I shall treasure various memories, mostly of exciting ad libs forced on various people by circumstances beyond their control. Technical problems, memory issues, unexpected heckling from the audience and so forth. I shall certainly always remember the scene in the final performance when the Dame decided he was going to try to make me laugh – a great battle of wills. I came so very close to laughing, but made it through (biting the inside of my lip eventually) and the audience thought it was hilarious, so everyone was a winner. The axe which hit the wrong person then went missing is also a firm favourite.

Would I ever do something like this again? Absolutely yes. Tiring, not at all easy, but so rewarding, thanks largely to the wonderful cast and crew. It’s behind me now, but I hope to return to the world of “oh yes he should” the next time panto season rolls around.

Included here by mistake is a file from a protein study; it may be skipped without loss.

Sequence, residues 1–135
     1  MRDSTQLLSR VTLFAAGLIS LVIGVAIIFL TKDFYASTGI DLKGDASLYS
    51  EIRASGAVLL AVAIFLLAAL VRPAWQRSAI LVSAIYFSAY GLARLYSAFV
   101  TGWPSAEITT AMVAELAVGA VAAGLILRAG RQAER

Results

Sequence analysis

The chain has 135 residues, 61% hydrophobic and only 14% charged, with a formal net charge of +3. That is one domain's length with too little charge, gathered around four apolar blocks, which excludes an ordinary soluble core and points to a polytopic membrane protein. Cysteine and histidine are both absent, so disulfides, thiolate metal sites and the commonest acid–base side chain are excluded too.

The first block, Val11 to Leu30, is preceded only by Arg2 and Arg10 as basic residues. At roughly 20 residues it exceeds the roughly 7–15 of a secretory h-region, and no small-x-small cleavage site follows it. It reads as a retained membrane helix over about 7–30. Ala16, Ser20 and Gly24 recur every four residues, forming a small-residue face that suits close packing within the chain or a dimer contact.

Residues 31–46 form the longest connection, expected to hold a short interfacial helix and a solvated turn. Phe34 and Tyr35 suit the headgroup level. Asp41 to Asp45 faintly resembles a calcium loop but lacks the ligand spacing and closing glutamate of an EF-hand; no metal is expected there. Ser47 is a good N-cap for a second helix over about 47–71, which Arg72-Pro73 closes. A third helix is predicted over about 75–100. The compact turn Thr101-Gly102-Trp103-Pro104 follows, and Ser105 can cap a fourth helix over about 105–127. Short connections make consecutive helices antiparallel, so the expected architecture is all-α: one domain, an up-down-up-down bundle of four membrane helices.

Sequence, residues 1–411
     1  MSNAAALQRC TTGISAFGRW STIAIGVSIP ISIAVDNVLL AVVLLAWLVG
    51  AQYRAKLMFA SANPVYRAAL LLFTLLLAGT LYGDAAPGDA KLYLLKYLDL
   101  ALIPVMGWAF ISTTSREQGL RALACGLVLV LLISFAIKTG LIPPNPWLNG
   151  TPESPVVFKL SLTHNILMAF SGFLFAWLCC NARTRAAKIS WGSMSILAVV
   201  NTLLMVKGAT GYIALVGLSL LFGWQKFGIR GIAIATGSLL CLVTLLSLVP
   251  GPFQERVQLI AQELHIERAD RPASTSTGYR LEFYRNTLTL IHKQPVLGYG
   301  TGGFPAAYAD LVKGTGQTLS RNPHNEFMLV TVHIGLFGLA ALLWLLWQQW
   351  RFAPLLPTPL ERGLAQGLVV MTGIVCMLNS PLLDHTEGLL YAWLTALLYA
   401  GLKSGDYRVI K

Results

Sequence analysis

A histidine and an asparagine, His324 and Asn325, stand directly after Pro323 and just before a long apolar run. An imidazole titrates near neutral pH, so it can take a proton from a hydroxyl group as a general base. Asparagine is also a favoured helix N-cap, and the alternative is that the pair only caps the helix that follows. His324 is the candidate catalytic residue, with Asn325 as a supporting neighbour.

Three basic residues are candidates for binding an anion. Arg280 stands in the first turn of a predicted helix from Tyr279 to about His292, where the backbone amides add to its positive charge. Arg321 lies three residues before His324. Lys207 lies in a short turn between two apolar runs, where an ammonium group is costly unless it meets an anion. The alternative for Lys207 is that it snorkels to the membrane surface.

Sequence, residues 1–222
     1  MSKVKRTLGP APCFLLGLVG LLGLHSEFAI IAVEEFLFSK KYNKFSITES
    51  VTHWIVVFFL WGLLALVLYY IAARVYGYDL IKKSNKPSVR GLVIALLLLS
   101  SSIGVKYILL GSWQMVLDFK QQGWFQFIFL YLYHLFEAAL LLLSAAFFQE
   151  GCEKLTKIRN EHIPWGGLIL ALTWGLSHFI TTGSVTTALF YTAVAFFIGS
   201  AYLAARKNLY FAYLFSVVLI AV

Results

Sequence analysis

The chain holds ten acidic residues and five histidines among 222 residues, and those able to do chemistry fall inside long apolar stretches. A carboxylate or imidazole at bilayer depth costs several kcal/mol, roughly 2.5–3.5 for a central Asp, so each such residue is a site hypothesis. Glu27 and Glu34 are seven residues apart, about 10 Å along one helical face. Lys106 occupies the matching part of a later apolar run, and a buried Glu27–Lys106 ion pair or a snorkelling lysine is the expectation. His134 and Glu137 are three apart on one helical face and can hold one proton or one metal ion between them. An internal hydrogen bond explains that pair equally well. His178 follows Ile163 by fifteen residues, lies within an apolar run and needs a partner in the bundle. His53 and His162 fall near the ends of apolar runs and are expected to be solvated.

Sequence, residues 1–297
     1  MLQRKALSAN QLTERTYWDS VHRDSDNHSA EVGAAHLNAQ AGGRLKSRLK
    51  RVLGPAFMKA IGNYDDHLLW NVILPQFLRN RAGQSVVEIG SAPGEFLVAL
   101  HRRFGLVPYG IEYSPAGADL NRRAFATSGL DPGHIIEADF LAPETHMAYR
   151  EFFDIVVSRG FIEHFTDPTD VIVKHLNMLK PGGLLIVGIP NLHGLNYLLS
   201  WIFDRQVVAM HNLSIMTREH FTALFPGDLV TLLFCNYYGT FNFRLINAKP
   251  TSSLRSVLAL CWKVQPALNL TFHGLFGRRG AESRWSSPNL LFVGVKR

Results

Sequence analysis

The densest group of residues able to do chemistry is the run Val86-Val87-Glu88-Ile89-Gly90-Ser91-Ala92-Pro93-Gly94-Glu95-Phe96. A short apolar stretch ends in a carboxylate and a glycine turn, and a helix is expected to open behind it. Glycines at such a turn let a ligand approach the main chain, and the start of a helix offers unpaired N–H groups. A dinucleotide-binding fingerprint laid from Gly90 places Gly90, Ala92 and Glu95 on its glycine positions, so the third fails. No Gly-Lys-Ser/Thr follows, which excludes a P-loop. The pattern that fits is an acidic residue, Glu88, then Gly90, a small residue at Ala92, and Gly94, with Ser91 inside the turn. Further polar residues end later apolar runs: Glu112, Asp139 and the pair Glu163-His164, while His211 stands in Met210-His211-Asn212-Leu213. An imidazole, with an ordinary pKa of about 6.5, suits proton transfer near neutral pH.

The Genie's Make Up

The Genie's Makeup

Wardrobe malfunction!


It was one of those moments when you really hope that nobody in the audience is looking your way.  If I’m lucky, all eyes were centre stage gazing adoringly at Aladdin and Princess Jasmine.  In the final few seconds of last night’s show, you see, I had a serious wardrobe malfunction.

The Genie costume took a little bit of getting used to for me, as it exposes more flesh than I am accustomed to exposing and certainly could not be worn by a lady librarian.  The main items are some baggy trousers, a hat, two cuffs and a diamond-shaped thing that covers my shoulders and bits of my chest and back, attaching to the front and back of the trousers via two of the diamond’s points.  It was intimidating at first (and has required the use of fake tan to avoid the make-up procedure taking several days), but I have become accustomed to it and can now say that it is a great costume.  When it behaves itself, that is.